Sunday, May 16, 2010
There are technological advantages available to blue water sailors today, as compared to a couple of generations ago, but this is still an incredibly impressive feat, as AP reports:
A 16-year-old Australian who braved boat knockdowns and seven months of solitude on a sail around the world set foot on dry land outside the Sydney Opera House on Saturday and quickly set an earthier goal - getting her driver's license.Her website is here.
Jessica Watson became the youngest person to sail around the globe solo, nonstop, and unassisted when she cruised into Sydney Harbour in her pink, 34-foot yacht to a rock-star welcome. She successfully maneuvered her boat through raging storms, 40-foot waves, and seven knockdowns during the 23,000-nautical-mile journey that critics thought she would not survive.
I'm a moderately experienced sailor, and would not even attempt to do what Jessica has done, partly because I would be concerned about my physical durability (at three times her age), and partly because sailing is recreational fun for me, not a risk-my-life activity. I am not sure that I would grant permission if I had a 16 year-old child who wanted to embark upon a similar trip. That said, it is gratifying to see that the risks she has taken have been rewarded, and that her journey is completed and she is home safely.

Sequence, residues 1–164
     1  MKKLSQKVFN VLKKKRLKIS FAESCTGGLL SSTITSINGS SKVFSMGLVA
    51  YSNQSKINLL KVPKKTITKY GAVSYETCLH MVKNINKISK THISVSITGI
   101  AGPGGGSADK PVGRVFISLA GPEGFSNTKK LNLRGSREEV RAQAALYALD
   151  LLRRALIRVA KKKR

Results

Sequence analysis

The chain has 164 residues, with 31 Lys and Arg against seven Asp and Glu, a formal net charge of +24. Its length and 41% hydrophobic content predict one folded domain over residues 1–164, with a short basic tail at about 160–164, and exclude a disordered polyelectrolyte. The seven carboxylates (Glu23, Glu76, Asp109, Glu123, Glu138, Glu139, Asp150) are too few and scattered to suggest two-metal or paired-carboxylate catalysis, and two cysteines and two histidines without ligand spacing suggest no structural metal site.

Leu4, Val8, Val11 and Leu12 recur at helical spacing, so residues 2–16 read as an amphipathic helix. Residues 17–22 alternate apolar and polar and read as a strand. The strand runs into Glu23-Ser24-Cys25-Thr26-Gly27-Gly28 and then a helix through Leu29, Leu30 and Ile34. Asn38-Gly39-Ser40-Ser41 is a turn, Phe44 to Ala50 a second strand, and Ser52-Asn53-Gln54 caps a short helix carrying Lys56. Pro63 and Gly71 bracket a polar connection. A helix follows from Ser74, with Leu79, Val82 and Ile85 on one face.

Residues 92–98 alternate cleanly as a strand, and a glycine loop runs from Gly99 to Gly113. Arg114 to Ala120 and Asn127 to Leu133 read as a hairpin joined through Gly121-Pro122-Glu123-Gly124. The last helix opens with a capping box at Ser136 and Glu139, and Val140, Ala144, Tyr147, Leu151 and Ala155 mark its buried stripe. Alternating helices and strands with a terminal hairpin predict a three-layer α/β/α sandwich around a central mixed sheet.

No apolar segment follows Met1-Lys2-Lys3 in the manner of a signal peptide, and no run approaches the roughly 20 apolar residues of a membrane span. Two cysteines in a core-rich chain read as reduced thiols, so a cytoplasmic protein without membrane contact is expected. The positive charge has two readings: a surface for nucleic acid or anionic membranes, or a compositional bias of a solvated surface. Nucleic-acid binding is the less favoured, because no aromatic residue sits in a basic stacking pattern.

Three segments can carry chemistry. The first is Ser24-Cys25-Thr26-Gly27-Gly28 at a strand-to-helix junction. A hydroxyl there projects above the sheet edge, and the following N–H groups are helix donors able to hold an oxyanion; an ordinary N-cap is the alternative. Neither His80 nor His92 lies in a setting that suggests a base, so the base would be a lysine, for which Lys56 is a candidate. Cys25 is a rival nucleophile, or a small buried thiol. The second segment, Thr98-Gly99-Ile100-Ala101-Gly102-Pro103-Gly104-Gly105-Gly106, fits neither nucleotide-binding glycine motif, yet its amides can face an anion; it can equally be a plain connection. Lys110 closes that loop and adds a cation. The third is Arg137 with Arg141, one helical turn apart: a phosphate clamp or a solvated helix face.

If anyone had told me before this afternoon that I would read seven months of a 16-year-old's blog entries--a teenager I have never known--I would not have believed it. However, that is how I have spent the last two hours.
And it was not wasted!
My admiration and best wishes to Jessica.
This is the kind of reckless ambition that youth is supposed to have. Good for her.
But I can't help but mention how different coverage and reaction would have been had she not made it... which is sad.